- No dispute certificate should be obtained from the management or promoters of the Company.
Are there instances when a company may fulfill the above conditions, and yet be ineligible to apply for dormant status?
Set out below are few instances, when a company can be disqualified from converting to a “dormant” status, inspite of fulfilling the conditions prescribed under the Act:
- Where any inspection, inquiry or investigation has been ordered or taken up against the company or prosecution has been initiated against the company and pending under any court.
- Where it has any public deposit or interest thereon outstanding for payment.
- Where there is any secured creditors in the Company.
- Where the company has any outstanding tax dues either to central or state government or local authorities and has defaulted in payment of workmen dues.
- Where the company is listed in stock exchange.
Does a dormant company also have to comply with any filing requirements?
Yes, a dormant company will have to comply with certain compliance requirements, although these are very minimal. Listed below are the compliance requirements:
- A dormant company should file ”Return of Dormant Company” every year indicating the Company financial position duly audited by Chartered accountant in practice in Form MSC-3.
- A dormant company is required to convene at least one Board meeting in every six months.
What are the benefits of having dormant status?
- To revive and operate a company you intend to use in future.
- To protect your interest and reputation as a sole trader.
- To hold a fixed asset such as a property.
- Less compliance.
What is the procedure for conversion of status from dormant to active company?
If company that has been declared as “dormant” starts carrying out significant transactions, then within 7 days from the date of undertaking such transaction, the company will have to file an application with the RoC in form MSC-4 accompanied by a return in Form MSC-3 to get back the status active from the earlier status of dormant.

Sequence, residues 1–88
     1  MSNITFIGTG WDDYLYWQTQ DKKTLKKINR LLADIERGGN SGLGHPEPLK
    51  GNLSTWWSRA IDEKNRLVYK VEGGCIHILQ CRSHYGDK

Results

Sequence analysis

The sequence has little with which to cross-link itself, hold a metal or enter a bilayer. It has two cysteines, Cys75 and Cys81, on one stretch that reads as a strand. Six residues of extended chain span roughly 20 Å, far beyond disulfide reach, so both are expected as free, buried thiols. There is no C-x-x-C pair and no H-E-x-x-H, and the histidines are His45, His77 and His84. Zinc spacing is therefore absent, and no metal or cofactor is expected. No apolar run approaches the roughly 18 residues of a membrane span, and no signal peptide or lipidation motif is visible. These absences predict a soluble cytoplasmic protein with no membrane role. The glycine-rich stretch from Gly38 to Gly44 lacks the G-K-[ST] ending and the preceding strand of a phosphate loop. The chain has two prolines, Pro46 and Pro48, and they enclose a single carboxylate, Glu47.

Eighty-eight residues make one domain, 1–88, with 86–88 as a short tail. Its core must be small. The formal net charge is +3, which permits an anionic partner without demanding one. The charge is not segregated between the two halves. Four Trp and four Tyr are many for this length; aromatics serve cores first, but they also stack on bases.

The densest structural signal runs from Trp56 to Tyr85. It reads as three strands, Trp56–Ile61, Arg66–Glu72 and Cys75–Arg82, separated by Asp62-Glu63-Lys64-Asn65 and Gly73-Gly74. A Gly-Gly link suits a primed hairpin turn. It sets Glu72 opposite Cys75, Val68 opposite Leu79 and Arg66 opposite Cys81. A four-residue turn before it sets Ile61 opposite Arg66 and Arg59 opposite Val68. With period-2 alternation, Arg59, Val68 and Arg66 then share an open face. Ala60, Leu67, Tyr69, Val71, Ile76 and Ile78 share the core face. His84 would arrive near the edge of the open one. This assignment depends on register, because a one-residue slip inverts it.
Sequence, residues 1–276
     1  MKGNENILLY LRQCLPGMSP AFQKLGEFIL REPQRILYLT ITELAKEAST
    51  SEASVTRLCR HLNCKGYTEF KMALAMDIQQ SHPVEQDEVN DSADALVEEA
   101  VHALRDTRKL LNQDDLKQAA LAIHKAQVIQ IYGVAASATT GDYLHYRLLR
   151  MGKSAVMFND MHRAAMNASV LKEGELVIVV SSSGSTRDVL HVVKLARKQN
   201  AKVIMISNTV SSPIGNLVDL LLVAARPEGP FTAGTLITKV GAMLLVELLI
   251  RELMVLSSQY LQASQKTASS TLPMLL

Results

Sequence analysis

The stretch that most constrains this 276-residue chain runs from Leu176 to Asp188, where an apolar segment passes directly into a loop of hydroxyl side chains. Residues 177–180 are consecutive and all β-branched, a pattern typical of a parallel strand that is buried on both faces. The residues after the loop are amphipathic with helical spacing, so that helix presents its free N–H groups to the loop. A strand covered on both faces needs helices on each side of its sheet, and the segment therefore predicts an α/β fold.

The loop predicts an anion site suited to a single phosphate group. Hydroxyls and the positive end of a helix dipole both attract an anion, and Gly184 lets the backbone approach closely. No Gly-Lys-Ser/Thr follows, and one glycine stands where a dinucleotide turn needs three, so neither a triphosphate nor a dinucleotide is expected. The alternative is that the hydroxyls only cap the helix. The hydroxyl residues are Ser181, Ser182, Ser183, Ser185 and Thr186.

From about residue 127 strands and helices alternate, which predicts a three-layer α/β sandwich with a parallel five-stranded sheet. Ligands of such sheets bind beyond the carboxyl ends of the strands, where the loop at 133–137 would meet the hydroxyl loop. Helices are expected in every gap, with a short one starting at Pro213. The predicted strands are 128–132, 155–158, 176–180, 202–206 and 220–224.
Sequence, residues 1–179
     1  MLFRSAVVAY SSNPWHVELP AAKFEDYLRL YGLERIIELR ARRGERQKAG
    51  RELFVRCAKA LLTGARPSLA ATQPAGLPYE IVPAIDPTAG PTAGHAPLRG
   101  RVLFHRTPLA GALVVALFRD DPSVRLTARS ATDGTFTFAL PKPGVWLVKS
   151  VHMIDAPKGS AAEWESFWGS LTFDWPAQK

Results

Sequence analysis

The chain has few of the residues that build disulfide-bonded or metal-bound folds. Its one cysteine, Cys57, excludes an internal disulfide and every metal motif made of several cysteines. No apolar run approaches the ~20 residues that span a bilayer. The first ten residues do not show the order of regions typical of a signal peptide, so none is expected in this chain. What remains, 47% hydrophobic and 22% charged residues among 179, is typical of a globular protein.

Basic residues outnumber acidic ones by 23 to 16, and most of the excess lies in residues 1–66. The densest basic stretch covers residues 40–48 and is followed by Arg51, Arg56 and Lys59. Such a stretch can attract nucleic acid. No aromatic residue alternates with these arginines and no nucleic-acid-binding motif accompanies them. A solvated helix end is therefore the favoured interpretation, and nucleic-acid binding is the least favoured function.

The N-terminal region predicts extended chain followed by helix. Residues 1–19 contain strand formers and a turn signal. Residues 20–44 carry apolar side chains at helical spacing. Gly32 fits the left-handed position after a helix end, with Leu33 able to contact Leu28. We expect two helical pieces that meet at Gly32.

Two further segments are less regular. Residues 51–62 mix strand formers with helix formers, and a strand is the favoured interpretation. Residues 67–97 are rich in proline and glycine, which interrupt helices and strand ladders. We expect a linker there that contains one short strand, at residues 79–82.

After considering the application, the RoC will issue a certificate in Form MSC-5 approving the change of status of the dormant company to active company.
For how long can a company continue in “dormant status”?
A company can continue in dormant status for a maximum period of 5 years. Before the expiry of 5 years, the company will have to apply for changing the status to “Active”, otherwise the name of Company shall be struck off by the RoC.
How long does it take to change the status of a company from “active” to “dormant”?
It takes around 1-2 months to complete the whole process of obtaining dormant status subject to the satisfaction of queries if any of the RoC.
The Reserve Bank of India, in its recent notification, has brought in platforms carrying out the business of P2P lending under the purview of NBFC. Below are the key provisions:
- Any business proposing to carry out business of Peer to Peer (“P2P”) Lending will be required to register with the Reserve Bank of India (“RBI”).
- Existing entities carrying out the P2P business will have to register within 3 months of the notification
- Dos and Don’ts
- What can a registered P2P entity do?
- Act as an intermediary providing an online marketplace or platform for P2P lending.
- Ensure adherence to legal requirements applicable to the participants.
- Store and process all data relating to its activities and participants on hardware located within India.
- Undertake due diligence on the participants and undertake credit assessment and risk profiling of the borrowers and disclose the same to their prospective lenders.
- What are the restrictions on a registered P2P entity?
- Cannot raise deposits.
- Cannot lend on its own.
- Cannot provide or arrange any credit enhancement/credit guarantee.